War Poet.ca - A CFAP Project by Suzanne Steele

Open Letter to Romeo Daillaire on Announcing His Retirement


I met you in 2008 before I began my own journey into a different kind of heart of darkness – dark, though nothing, nothing, compared to yours, nor restricted to a theatre of war. We met when you came to speak of saving children from becoming soldiers. What a merciless, beating, task for you. After hearing your story I marvelled that every day you were able to get up, tie your shoelaces, and face those images of children killing each other, or being killed, and I just don’t know how you did it. Your ruck of memory, sensorial, so heavy. You said you had a lot of help – family, medical, your faith.

Thank you General for that day and for all your days. And say thank you to your wife Elisabeth. For returning to Rawanda to set up Montessori preschools. Montessori, an outcome of another war, such a beautiful, peaceable way to help children begin their lives. But she would know, being a Montessori teacher herself. How lovely.

Thank you too for telling us about your PTSD and for showing us your humanity. There is only strength in this. All I can hope for you is to find some balance in it. I know you wrote your narrative, but maybe you could write the poetry it calls out to be had.

Thank you so much for encouraging people to call for help. When I met you I also met one of OSSIS’s very best, Phil Quenelle, who has been a guardian angel to thousands of veterans and also to me… he simply won’t let us fall through the cracks.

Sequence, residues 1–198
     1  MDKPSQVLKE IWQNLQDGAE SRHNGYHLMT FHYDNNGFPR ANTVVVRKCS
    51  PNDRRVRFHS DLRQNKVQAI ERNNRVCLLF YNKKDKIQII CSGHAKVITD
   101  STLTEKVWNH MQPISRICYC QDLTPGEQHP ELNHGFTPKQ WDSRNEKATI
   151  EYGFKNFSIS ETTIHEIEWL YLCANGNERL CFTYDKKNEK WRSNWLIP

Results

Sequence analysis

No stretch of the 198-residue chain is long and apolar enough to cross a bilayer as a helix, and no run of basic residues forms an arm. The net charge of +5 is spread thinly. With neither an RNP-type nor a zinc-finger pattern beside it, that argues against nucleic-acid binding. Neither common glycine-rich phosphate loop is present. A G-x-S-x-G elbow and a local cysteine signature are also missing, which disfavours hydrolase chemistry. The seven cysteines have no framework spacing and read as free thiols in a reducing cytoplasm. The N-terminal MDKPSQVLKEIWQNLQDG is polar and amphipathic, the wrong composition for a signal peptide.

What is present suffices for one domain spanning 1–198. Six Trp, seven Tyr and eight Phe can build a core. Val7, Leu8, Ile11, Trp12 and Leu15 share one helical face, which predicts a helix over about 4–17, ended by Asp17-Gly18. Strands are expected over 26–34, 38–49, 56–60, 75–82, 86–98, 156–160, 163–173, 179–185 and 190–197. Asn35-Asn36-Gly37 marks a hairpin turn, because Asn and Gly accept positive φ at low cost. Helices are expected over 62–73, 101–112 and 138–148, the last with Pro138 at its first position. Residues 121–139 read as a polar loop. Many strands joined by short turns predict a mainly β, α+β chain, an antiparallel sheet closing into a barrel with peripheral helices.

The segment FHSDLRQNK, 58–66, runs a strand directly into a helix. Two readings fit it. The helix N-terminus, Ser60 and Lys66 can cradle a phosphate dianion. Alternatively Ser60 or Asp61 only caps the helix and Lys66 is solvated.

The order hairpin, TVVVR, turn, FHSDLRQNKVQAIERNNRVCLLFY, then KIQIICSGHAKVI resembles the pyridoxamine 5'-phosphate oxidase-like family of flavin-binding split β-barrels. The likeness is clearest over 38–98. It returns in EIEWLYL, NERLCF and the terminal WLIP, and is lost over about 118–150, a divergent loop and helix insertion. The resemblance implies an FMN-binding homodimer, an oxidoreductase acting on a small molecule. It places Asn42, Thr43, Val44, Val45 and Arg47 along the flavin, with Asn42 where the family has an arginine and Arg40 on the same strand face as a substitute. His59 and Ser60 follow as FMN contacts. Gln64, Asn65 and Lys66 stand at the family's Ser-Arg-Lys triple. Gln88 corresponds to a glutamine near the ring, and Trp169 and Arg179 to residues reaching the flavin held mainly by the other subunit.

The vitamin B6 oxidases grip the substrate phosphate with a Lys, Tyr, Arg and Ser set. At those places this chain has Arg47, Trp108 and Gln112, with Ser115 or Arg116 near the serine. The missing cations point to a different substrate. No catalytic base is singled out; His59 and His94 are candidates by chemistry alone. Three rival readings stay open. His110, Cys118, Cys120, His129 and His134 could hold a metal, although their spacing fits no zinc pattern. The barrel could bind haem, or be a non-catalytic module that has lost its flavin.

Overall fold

And thank you for telling me to look deeply into the eyes of all the thousands I would meet along the way. You said to me that I could learn a lot from this. I did. Every time I was with the army I tried to serve food to them alongside the cooks. It gave me a chance to see the soldiers, really see them.

I wrote this poem which you can listen to, General (ret’d) Romeo Daillaire because I was struck by your tie with its bright rainbows, and how it contrasted with your stories and images of children killing and being killed, and how your eyes were so weary and grey, and because I will never forget you telling us that in Rawanda, bullets were too expensive to use on children, and the machete was the weapon of choice.

Thank you Gen. Daillaire, may the grey ghosts become sweet angels for you. And remember,

you are not alone. We are here.



About This Page

The page you're reading contains a single diary entry entitled Open Letter to Romeo Daillaire on Announcing His Retirement. It was posted here on May 29, 2014.


Complete diary archive